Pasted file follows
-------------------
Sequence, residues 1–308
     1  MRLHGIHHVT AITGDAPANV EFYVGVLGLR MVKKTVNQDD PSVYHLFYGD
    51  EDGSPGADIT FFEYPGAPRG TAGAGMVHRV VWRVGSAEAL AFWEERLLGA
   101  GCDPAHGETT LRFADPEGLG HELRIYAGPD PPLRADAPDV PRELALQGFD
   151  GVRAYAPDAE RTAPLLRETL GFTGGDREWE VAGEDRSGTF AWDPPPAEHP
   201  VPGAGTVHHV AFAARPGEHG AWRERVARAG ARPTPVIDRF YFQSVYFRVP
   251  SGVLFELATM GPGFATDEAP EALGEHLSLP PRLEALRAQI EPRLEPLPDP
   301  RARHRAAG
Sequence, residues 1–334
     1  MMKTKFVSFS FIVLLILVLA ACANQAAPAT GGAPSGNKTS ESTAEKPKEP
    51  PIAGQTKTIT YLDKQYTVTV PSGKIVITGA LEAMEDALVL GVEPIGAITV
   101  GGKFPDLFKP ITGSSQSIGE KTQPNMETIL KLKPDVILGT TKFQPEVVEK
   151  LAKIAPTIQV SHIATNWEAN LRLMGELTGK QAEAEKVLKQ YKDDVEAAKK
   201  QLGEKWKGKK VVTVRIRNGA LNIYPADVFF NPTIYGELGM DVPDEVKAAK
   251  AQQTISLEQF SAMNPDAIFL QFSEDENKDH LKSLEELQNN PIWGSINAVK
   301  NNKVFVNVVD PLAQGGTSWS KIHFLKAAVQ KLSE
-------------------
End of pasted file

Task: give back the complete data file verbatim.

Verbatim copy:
Sequence, residues 1–308
     1  MRLHGIHHVT AITGDAPANV EFYVGVLGLR MVKKTVNQDD PSVYHLFYGD
    51  EDGSPGADIT FFEYPGAPRG TAGAGMVHRV VWRVGSAEAL AFWEERLLGA
   101  GCDPAHGETT LRFADPEGLG HELRIYAGPD PPLRADAPDV PRELALQGFD
   151  GVRAYAPDAE RTAPLLRETL GFTGGDREWE VAGEDRSGTF AWDPPPAEHP
   201  VPGAGTVHHV AFAARPGEHG AWRERVARAG ARPTPVIDRF YFQSVYFRVP
   251  SGVLFELATM GPGFATDEAP EALGEHLSLP PRLEALRAQI EPRLEPLPDP
   301  RARHRAAG
Sequence, residues 1–334
     1  MMKTKFVSFS FIVLLILVLA ACANQAAPAT GGAPSGNKTS ESTAEKPKEP
    51  PIAGQTKTIT YLDKQYTVTV PSGKIVITGA LEAMEDALVL GVEPIGAITV
   101  GGKFPDLFKP ITGSSQSIGE KTQPNMETIL KLKPDVILGT TKFQPEVVEK
   151  LAKIAPTIQV SHIATNWEAN LRLMGELTGK QAEAEKVLKQ YKDDVEAAKK
   201  QLGEKWKGKK VVTVRIRNGA LNIYPADVFF NPTIYGELGM DVPDEVKAAK
   251  AQQTISLEQF SAMNPDAIFL QFSEDENKDH LKSLEELQNN PIWGSINAVK
   301  NNKVFVNVVD PLAQGGTSWS KIHFLKAAVQ KLSE